When is a form of transport both legal and illegal simultaneously? In England, this is the reality for escooters, where their legality depends on whether riders own or hire them.
The battle between public and private escooters has meant that their low carbon footprint has been obscured mainly by police intervention and what some call over-policing.
I wanted to understand the situation more. So I reached out to Dott, who is participating in Transport for London’s (TfL) escooter hire scheme, and also a private escooter retailer, Escootered. But first, let’s take a walk through the legalities of escooters in the UK:
Law and order
In micromobility, escooters are a poster child for when tech rolls out faster than the laws around its use.
In the UK, escooters are covered by the Road Traffic Act (1988) and fall under the category of powered transporters.
z It’s legal to buy, sell, and own escooters. There’s no age limit on ownership. But you can only ride them on private land.
By comparison, rideshare escooters can be ridden on roads and cycle paths and can only be hired by people 18 years or over who own a category Q or P/M driver’s license. For all riders, there are penalties for bad behavior, including a €60 (£50) fine for riding on the footpath, and a €120 (£100) fine and six driving license penalty points for using a mobile phone or riding through a red light.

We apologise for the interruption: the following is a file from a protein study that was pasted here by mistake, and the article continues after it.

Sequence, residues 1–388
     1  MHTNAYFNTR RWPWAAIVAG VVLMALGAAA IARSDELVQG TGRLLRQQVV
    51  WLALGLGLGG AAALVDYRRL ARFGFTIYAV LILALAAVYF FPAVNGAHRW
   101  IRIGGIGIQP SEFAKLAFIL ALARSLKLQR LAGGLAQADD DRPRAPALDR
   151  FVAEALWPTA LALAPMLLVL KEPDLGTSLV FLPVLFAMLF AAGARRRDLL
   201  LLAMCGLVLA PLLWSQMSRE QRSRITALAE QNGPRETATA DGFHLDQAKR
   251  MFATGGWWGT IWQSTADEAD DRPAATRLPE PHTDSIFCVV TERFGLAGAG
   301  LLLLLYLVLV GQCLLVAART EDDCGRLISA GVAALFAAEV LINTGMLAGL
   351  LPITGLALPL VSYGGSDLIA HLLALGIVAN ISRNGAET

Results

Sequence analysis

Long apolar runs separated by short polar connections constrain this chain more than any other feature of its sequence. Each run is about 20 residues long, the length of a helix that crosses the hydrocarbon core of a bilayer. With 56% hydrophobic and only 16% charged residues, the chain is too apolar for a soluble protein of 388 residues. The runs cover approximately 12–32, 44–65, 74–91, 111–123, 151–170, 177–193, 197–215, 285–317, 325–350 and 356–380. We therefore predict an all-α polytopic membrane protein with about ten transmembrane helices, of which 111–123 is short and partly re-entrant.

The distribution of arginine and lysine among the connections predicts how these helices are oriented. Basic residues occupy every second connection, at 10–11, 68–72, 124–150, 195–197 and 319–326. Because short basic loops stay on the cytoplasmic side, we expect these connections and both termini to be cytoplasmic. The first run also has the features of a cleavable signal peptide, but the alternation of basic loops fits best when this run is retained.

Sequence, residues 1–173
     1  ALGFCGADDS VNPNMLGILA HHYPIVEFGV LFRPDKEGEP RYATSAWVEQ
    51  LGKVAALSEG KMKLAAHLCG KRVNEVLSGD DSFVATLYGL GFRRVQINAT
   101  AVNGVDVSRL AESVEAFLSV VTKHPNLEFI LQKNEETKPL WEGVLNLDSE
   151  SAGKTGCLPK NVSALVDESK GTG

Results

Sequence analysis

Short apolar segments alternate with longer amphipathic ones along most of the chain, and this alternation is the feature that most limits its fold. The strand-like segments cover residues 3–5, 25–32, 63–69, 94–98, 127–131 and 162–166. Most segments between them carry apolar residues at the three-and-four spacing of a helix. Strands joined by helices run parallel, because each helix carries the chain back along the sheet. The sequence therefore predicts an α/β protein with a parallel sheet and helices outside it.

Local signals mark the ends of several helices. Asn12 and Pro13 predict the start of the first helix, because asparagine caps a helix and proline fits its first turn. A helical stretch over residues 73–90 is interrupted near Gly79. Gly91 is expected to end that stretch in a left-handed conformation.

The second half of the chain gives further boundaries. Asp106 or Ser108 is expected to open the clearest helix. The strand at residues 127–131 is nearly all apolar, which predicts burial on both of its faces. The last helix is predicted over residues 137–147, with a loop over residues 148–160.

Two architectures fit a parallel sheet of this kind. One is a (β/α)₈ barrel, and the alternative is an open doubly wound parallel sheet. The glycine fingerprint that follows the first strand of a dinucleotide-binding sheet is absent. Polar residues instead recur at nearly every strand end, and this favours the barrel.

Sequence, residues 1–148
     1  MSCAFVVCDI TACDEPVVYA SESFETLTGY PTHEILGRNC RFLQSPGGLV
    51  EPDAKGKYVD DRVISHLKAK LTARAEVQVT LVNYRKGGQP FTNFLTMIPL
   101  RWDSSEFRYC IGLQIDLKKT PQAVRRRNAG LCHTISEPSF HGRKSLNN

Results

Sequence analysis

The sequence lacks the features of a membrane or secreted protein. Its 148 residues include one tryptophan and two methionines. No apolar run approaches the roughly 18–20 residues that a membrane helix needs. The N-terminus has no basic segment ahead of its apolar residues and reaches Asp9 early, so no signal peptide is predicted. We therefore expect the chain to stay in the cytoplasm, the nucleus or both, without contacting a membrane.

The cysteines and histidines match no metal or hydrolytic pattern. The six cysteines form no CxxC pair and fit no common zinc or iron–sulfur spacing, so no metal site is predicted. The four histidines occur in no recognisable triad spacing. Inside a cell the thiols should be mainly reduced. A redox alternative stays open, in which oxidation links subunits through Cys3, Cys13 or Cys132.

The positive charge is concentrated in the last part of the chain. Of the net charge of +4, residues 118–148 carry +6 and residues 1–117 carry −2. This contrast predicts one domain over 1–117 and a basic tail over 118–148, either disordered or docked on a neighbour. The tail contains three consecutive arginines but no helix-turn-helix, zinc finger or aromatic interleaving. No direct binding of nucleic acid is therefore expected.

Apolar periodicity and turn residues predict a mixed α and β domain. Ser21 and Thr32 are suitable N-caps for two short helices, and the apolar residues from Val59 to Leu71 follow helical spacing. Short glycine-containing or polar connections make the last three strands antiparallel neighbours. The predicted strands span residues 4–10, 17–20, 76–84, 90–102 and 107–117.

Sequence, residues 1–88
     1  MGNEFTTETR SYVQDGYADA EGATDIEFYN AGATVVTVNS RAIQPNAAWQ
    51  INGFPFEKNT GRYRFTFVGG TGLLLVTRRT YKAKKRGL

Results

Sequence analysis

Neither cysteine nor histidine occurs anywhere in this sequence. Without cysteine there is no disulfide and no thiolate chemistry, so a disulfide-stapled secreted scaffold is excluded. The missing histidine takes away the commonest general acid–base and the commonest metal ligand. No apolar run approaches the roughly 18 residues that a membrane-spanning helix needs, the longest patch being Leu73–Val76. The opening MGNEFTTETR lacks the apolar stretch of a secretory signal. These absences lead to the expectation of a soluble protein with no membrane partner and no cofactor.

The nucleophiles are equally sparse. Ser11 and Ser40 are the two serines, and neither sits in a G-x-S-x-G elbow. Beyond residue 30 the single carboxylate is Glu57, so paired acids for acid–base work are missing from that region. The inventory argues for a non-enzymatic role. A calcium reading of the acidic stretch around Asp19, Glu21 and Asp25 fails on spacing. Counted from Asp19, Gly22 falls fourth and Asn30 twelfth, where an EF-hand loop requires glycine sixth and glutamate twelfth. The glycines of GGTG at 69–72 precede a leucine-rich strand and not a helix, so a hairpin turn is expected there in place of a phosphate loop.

The problem is that illegal escooter riding on roads, bike paths, and sidewalks is abundant. Many people are using their purchased escooters for commuting, despite the fact that it’s illegal.
I spoke to Ed Wiles, owner of retail business Escootered, who shared:
My general thinking is that escooters are over-policed. And I think Brexit and COVID have had a knock-on effect with the government not introducing new laws which could have legalized private escooters.
I think that they’ve actually done it the wrong way around. If you’re a private owner, you’re much more likely to wear a helmet. Also, you’re much more likely to test out the scooter to avoid injury before you ride it.
Notably, it’s not illegal to ride an escooter without a helmet. However, rideshare companies like Dott offer incentives to riders. These include bonus points towards free rides for those that take a selfie wearing their helmet.
Wiles also raises an important point: the risk of injury.
How common are escooter injuries?
There’s plenty in the press about injuries caused by riding an escooter, and the head of the Metropolitan road and transport police has not helped their reputation by branding them as “death traps.”
Escooter crashes shot up almost 2,800% in London in the first half of 2021 compared to the entirety of 2018, according to Met Police data.
There were 258 collisions in the capital in the first six months of last year. In 2018 there were 9.
It’s unclear exactly how many of the injured riders are private owners riding illegally or rideshare participants. There are also no details on whether the “collisions” were people falling off their escooters or colliding with pedestrians or road users.